The idea that you never get a second chance to make a first impression—that’s only partly true. But when you’ve made as strong an impression as Tokyo Police Club did with their first record and a half—2007’s Lesson in Crime EP and 2008’s Elephant Shell—it can be sneakily difficult to change the narrative, especially if the narrative has been good to you so far. But in deference to and celebration of its tenth birthday—that’s at least 50 in rock years—it is time to re-celebrate and re-examine Champ, the Canadian band’s fantastic-yet-underserved sophomore album.
Champ is something of a lost classic of new-millennium indie-pop and deserves to be hoisted to the special place in your collection—physically or mentally—that you keep the good stuff. Boots of Danger, the single, is every bit as catchy as the Strokes’ Last Nite,though it trades New York cool for youthful Ontario exuberance. And it’s not just the hits that drive Champ: Its bench is deep, from the insistent, twitchily bouncer Big Differenceto the sombre sorta-ballad Hands Reversed, which could be a cousin to the best Walkmen songs.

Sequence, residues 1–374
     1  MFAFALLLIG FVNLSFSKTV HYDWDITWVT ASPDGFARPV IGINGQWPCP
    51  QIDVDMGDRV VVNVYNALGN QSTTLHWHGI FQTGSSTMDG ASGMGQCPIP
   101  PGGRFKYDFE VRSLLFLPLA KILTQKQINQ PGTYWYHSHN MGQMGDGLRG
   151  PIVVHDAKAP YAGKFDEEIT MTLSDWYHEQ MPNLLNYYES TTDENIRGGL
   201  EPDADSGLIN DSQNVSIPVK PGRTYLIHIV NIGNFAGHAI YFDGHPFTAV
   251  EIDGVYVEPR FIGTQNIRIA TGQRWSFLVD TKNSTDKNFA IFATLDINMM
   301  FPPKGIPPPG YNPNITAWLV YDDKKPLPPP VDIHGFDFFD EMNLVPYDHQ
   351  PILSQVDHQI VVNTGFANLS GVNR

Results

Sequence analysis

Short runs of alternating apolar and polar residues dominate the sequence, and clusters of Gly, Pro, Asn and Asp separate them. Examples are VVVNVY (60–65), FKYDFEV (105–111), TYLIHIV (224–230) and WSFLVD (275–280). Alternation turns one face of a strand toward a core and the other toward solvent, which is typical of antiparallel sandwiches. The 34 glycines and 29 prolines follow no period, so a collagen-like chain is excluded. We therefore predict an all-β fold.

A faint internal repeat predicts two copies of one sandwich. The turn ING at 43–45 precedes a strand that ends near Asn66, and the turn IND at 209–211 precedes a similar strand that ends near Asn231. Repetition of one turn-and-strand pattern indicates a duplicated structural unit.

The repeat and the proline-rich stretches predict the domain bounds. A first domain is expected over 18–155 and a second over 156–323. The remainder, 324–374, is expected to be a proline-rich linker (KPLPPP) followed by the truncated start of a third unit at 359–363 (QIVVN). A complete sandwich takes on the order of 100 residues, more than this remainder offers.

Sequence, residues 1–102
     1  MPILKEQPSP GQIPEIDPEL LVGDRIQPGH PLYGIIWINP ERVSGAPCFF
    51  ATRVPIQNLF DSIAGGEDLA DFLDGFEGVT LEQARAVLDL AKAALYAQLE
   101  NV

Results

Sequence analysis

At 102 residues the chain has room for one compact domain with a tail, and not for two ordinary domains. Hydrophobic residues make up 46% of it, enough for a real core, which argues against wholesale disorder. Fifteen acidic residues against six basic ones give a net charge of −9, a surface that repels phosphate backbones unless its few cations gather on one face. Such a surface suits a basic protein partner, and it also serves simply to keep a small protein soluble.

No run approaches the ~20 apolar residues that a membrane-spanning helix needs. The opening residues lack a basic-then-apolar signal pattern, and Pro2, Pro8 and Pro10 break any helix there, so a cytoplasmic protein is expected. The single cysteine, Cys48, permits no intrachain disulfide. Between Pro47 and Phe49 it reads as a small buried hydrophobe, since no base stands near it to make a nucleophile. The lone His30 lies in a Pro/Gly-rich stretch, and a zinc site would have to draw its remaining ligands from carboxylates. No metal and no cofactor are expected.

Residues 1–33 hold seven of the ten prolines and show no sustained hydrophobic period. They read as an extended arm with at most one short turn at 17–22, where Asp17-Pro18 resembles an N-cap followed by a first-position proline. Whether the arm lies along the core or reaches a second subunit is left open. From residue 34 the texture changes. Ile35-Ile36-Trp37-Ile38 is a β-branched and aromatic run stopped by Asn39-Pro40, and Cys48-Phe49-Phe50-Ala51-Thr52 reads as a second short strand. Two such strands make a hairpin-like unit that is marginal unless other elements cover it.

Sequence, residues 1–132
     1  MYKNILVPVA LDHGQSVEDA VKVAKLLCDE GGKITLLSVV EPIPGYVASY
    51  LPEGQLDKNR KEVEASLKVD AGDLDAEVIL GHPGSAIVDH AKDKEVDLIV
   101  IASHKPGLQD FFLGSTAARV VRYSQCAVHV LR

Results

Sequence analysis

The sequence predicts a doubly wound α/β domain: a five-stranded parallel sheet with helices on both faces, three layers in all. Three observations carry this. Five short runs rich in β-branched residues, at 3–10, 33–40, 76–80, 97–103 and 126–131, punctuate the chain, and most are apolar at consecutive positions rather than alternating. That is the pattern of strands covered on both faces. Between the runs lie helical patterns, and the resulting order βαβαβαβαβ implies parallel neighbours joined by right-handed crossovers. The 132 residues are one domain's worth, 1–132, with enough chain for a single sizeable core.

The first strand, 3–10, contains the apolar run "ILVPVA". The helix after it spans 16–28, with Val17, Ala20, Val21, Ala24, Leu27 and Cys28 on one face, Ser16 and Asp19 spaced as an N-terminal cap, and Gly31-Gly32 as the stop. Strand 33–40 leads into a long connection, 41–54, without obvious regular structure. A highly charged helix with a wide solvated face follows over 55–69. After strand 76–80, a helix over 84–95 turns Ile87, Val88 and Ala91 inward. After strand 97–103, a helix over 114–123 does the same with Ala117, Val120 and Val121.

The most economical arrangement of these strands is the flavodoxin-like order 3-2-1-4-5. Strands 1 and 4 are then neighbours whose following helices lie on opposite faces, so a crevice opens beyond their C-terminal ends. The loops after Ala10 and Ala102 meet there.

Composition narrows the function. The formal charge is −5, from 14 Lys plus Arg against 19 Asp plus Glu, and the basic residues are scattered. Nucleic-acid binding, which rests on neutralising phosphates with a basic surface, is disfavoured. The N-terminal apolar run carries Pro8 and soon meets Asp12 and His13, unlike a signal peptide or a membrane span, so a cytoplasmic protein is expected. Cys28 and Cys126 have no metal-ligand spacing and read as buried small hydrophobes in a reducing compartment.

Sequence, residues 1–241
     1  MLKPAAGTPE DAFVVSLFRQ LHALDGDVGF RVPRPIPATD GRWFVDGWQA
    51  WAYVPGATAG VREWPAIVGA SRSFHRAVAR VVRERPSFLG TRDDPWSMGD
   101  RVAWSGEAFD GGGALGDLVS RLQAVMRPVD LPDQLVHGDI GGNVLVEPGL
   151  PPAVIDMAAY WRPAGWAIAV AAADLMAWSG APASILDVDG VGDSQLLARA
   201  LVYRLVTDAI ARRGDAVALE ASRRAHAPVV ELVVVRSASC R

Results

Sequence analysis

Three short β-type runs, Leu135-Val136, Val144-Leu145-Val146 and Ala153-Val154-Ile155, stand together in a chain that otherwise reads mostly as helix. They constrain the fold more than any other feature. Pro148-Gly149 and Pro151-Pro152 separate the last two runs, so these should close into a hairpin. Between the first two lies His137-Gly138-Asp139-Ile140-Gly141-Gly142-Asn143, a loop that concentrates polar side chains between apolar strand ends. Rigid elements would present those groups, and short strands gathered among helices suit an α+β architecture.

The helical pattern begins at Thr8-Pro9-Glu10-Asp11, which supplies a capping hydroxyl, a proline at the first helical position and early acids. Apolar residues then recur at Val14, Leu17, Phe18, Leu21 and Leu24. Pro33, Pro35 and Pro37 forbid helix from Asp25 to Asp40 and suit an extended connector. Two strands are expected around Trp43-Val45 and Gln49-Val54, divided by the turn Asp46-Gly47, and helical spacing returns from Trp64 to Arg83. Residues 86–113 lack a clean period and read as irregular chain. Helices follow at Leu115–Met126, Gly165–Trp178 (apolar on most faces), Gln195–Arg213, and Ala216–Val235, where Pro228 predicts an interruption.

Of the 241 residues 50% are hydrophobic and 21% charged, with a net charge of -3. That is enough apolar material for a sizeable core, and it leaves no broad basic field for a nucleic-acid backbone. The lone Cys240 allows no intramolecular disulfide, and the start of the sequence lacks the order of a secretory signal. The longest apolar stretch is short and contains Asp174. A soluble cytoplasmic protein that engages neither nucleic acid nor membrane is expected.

Champ is reissued on limited edition red and white splatter vinyl with an accompanying bonus 7” comprising two unreleased tracks, Hundred Dollar Day and Bambi (Acoustic).